The Value of Working with Pseudonymized Mobile Phone Data

The European Union General Data Protection Regulation (GDPR) and California Consumer Privacy Act (CCPA) are changing the way companies can collect, store, process and utilize data about individuals. They force companies to rethink where data is collected, processed and shared as well as who has access to that data, how it’s used and when it’s disposed of.

Why do we need data privacy regulation?

GDPR requires individuals to be in control of their data. Consumers will feel more comfortable using applications and participating in loyalty programs when they know their data is safe and can only be used for specific purposes. In order to comply with GDPR, organizations may have to run separate analyses using pseudonymized mobile phone data so that no personally identifiable information is included or inferred. This ensures compliance with CCPA in the US, too.  However, there are still many questions about how companies can best address privacy issues within their organizations as well as meet these new standards and avoid heavy fines from regulators.

What are personal data and sensitive personal data?

Personal data refers to any information that can be used to directly or indirectly identify a person, either from that data alone or in combination with other information. This typically includes personal identifiers such as name, ID number, location data, online identifier, e-mail address and IP address. Sensitive personal data is a more specific subset of personal data relating to an individual’s physical or mental health condition or sexual orientation.

What kinds of processing activities does this regulation require organizations to comply with?

The GDPR places a number of obligations on organizations that process personal data and processing is defined very broadly to include not only recording information, but also storage and transfer. Article 5(1)(e) specifically addresses pseudonymization by referencing the processing of personal data in such a manner that the data can no longer be attributed to a specific data subject without the use of additional information.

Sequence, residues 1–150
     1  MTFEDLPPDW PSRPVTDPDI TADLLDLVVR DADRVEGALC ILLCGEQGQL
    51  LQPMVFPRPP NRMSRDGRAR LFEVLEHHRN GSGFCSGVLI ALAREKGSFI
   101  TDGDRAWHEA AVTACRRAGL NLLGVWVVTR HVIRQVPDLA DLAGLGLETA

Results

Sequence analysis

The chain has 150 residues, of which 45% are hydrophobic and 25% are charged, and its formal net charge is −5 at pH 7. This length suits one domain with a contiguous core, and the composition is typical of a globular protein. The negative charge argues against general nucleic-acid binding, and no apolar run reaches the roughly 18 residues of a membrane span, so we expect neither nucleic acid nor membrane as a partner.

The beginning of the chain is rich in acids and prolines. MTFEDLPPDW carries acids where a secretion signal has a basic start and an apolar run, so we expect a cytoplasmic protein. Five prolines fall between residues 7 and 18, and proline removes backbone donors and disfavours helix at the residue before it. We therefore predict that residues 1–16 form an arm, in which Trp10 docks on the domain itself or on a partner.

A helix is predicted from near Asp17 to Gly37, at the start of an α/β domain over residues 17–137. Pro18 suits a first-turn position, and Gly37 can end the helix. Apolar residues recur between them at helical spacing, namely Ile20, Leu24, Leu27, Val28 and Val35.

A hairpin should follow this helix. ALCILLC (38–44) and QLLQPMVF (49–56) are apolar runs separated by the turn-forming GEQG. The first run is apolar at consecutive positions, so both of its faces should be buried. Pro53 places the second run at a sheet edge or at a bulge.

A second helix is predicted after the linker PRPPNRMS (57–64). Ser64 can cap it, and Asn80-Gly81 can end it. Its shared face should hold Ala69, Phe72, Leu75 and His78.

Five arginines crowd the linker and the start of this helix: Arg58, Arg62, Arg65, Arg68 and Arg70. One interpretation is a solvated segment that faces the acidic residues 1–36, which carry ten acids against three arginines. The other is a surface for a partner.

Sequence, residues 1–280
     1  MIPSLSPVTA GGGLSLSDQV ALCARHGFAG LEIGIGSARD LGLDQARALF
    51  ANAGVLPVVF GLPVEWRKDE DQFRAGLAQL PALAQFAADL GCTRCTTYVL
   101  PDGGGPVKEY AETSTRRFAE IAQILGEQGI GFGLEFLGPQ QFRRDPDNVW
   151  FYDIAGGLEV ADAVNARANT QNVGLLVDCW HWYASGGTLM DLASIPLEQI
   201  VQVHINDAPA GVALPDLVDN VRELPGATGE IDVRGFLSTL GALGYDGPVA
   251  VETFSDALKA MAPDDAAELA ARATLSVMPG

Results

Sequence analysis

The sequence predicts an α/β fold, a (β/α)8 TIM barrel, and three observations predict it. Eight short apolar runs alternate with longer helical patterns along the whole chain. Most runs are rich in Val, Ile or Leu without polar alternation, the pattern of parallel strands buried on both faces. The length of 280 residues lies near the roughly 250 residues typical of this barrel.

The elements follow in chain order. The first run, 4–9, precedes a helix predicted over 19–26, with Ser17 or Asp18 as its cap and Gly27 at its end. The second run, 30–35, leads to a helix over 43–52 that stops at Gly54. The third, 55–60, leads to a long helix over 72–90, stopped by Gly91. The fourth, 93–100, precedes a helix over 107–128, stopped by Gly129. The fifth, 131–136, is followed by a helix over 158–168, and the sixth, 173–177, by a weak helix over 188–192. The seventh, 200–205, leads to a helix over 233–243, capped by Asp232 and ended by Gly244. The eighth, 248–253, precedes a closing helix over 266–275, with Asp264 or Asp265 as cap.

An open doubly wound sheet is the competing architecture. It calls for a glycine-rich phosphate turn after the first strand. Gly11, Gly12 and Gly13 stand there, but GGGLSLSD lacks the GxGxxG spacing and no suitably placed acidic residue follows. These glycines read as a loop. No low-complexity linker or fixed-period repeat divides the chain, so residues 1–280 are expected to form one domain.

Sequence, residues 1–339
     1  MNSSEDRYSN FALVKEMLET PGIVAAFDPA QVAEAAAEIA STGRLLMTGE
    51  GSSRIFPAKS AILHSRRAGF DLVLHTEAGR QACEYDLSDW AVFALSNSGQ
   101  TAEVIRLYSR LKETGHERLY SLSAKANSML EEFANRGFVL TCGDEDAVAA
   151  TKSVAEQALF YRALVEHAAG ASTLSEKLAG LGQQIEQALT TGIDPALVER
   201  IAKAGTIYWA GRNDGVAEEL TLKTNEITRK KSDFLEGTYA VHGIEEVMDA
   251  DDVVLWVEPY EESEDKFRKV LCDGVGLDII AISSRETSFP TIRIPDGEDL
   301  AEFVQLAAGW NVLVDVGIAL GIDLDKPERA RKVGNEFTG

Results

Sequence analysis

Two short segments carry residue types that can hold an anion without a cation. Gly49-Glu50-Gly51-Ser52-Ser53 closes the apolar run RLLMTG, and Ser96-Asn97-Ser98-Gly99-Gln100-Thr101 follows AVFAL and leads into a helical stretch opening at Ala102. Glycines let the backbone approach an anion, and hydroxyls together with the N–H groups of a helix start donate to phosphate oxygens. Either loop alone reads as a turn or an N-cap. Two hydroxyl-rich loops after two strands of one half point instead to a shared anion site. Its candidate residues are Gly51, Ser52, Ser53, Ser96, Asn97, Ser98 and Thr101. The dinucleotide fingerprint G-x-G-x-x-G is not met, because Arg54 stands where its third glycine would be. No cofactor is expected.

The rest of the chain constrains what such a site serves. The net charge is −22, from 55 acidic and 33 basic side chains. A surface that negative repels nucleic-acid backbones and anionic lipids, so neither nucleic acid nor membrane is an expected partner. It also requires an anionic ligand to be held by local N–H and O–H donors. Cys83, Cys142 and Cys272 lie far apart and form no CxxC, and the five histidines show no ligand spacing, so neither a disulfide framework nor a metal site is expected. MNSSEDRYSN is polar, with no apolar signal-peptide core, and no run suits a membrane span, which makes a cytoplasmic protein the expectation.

What are data controllers and data processors?

In every organization there are at least two categories of data processors: data controllers and data processors. A data controller is a party that determines how and why personal information is processed, whereas a data processor is a party that processes personal information on behalf of another party (data controller).

How are pseudonymous IDs used in our industry?

In an era of privacy concerns, companies and governments are increasingly turning to pseudonymization, which is a process by which Personally Identifiable Information (PII) is transformed into an anonymized identifier. This technique can help protect consumers while not impacting business insights. For example, mobile phone service providers can identify customers using pseudonymous IDs in order to report on their movements over time — such as commuting patterns or shopping preferences — without knowing any PII about them.

How can I work with data like this in my business?

Collecting and managing all of your company’s business-related data in one place, regardless of its nature (analytics, logistics, contracts), is a prerequisite for competitive advantage. A whole range of software tools are available on the market to help businesses analyze their data and convert it into actionable intelligence that provides insight into consumer behavior, helps reduce costs and ultimately leads to improved business performance. Intuizi can pseudonymize your data, compare it to other pseudonymized datasets they are already working with, and enable you to identify high-value user segments to prospect against, filter out low-value potential customers, and gain a far more granular insight on your existing customers based on comparing their behaviours to other users – whether for marketing, analytics or insight purposes.  Drop us a line if this is of interest!

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